The 13-nation special summit initiated by Asean comes as the region struggles to contain the COVID-19 outbreak.
However, the amount was not decided upon during the special meeting between the Southeast Asian nations, China, South Korea and Japan.
The director-general of the Asian Affairs Department in China’s foreign ministry, Wu Jianghao, said the money would come from an existing cooperation fund.
He also revealed all parties had agreed to set up a reserve medical supply centre, noting that the most urgent task was to contain the spread of the virus.
He said China will share its experience and research and provide technical assistance, according to thestar.com.my.
Chinese Premier Li Keqiang, said all countries must cooperate more closely for a collective response to the pandemic.
“We have gained valuable experience in jointly tackling crises and have put in place mechanisms for enhancing emergency preparedness.
“As we all live in this community with a shared future, we must work for an early victory against COVID-19 in East Asia,” he said in a statement.
During talks between Asean leaders yesterday morning, Prime Minister Prayut Chan-o-cha proposed re-purposing funds to support efforts to deal with the ongoing threat.
Gen Prayut then attended the evening Asean Plus 3 Special Summit via video conferencing.
According to Ms Narumon who revealed the gist of the meeting, Gen Prayut and other Asean leaders commended the leaders of the Plus Three countries for their efforts and effective measures against COVID-19 which could considerably decrease infections and deaths.
All the leaders accepted that COVID-19 is a global crisis that has impacted all sectors of society.
In his statement at the Asean Plus Three Special Summit, Gen Prayut proposed three approaches.
The first was establishing a “COVID-19 Asean Response Fund” by allocating money from the Asean Development Fund and cooperation funds with China, Japan and South Korea.
This would be to handle short-term impacts such as procuring test kits, personal protective equipment, and related medical equipment, and long-term measures such developing new vaccines and medicines.
A second proposal involved optimising existing Asean Plus Three mechanisms, especially in public health, to develop and promote the use of information technology to provide innovative solutions to tackling pandemic and future challenges.
Gen Prayut also proposed the Asean Secretariat and the Trilateral Cooperation Secretariat to compile and exchange information on related policies and measures of each country, and to make the most use of Chiang Mai Initiative Multilateralization to mitigate negative impacts, and regain regional economic and financial stability, where necessary.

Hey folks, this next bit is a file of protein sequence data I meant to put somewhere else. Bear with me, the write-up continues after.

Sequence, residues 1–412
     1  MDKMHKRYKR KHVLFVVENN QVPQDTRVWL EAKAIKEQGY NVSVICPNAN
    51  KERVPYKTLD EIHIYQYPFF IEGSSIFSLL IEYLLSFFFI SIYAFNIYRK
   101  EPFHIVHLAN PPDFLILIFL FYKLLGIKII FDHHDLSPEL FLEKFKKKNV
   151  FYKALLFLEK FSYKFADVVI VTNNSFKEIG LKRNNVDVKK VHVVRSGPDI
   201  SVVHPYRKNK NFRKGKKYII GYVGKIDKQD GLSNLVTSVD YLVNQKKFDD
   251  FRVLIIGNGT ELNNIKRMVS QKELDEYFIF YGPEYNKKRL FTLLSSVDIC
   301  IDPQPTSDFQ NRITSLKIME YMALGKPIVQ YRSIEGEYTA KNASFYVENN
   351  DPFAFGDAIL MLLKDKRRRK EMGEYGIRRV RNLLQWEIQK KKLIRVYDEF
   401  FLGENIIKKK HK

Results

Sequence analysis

The prime minister emphasised that close partnerships and sustainable development would lead everyone out of the crisis.
“We will overcome the COVID-19 crisis together,” Gen Prayut said.
The virtual Asean Summit was proposed by Indonesia, since the virus, first detected late last year in the central Chinese city of Wuhan, has spread worldwide, dealing a crushing blow to social and economic activities across the globe.
“Most of the Asean leaders focused on two things. The first was their common efforts to fight against COVID-19. The second was cooperation to deal with the impacts of the outbreak in socioeconomic sectors,” Indonesian Foreign Minister Retno Marsudi said during a video press conference.
Mr Marsudi, who attended the online summit with Indonesian President Joko Widodo, added the leaders of the 10-member bloc also agreed to bolster anti-virus efforts in such areas as information, research, epidemiology and clinical treatment.
Philippine President Rodrigo Duterte told the videoconference, “Retreating from regional and global connections cannot be the answer,” according to his Presidential Communications Operations Office.
“Regardless of how we handle the crisis within our own respective territories, we can only be truly safe if we defeat this virus everywhere,” Mr Duterte added.
The Asean meeting was chaired by Vietnam, which holds the rotating Asean chair this year.
In opening remarks, Vietnam’s premier Nguyen Xuan Phuc hailed the work of Asean in fighting the virus so far.
He said COVID-19 “has badly impacted people’s lives, their socio-economic situation ... challenging stability and social security’”.